Terry's story is a story of hope and inspiration journalists will always remember, no matter the outcome.
It’s a story about risks taken and determination. Two attributes good journalists are proud to say they have.
Stephanie Ferguson is the managing editor of the New Braunfels Herald-Zeitung.
U.S. Rep. Greg Laughlin U.S. House of Representatives District 14 (Guadalupe County) 1713 Longworth Office Bldg. Washington, D C. 20510
Texas Gov. Ann Richards Governors Office State Capitol Austin, Texas 78711
Lieutenant Gov. Bob Bullock Lt. Governor’s Office State Capitol Austin, Texas 78711
Speaker of the House Gibson D. (Gib) Lewis P.O. Box 2910 Austin, Texas 78769
I'M TAKING AlbLLVJoULP .^KIn vln YOU VOTE RE BUSK? FOP. Na $Ng-NQ CUOMO? BROWN? KERREY? NO NQ MO AMP T5QNG/G? HARKIN? WILPER? NO!
who Would You yoj inieresiep
VOIE FOR? lNRUnCS?
ME? I PONT KNOW ANYTHING ABOUT THAT STUFF!
iv • *
The first toy store in town was operated by Spinster Aunt Amalie Henne for approximately 40 years. (Photo courtesy of Sophienburg Museum and Archives).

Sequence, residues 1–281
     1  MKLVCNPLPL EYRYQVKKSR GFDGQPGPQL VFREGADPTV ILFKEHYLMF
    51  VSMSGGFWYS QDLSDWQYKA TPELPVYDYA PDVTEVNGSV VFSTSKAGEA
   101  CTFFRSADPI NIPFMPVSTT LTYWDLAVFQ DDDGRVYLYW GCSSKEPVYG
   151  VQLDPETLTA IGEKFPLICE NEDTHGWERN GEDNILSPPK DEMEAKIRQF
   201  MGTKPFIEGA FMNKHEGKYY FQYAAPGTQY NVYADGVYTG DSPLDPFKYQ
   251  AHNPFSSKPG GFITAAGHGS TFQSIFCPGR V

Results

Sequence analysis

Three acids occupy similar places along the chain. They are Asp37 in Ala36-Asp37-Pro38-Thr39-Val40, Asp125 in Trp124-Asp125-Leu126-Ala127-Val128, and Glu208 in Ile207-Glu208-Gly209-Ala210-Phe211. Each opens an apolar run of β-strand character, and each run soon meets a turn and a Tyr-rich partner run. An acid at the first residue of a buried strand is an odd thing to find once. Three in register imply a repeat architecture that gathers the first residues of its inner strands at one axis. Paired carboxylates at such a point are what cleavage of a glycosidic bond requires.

Boy Scouts sponsor waste paper drive
By ROSEMARIE LEISSNER GREGORY, Editor Soph ton burg Mu mu rn and Archival Comal County Hlatorlc Commlaalon
125 YEARS AGO (1866)
A $20 award is offered for the return of Christian Meyer’s horse, which was stolen from Conrad Meyer’s pasture on Sunday. Christian rode the horse while in service in Wood’s Regiment, Company H, during the Civil War.
Th. Podewills and Th. Dieselhorst announce the opening of a new store where they will have available for sale groceries, tobacco, liquor, coal oil, etc.
A. Galle just received Irish potatoes. Limburger and Stilton cheese, sauerkraut, fresh Carolina rice, sardines and pickles.
Wilgrefife and Bernhard have received a new shipment of dry goods and cloth from New York.
Johanne Braun has knitting yard in various shades, as well as tapestry work canvas, to sell.
IOO YEARS AGO (1891)
Christmas Bazaar — The largest selection of toys, dolls and other Christmas gifts will be found at Louis Henne.
Big Band Dance will be given by the Stringtown Band Sunday, Dec. 6 at Nowotny's Hall in Hunter. •••
Otto Heilig has 40,000 cigars on hand and will sell them at cost until Christmas.
See LOOKING, Pag* SA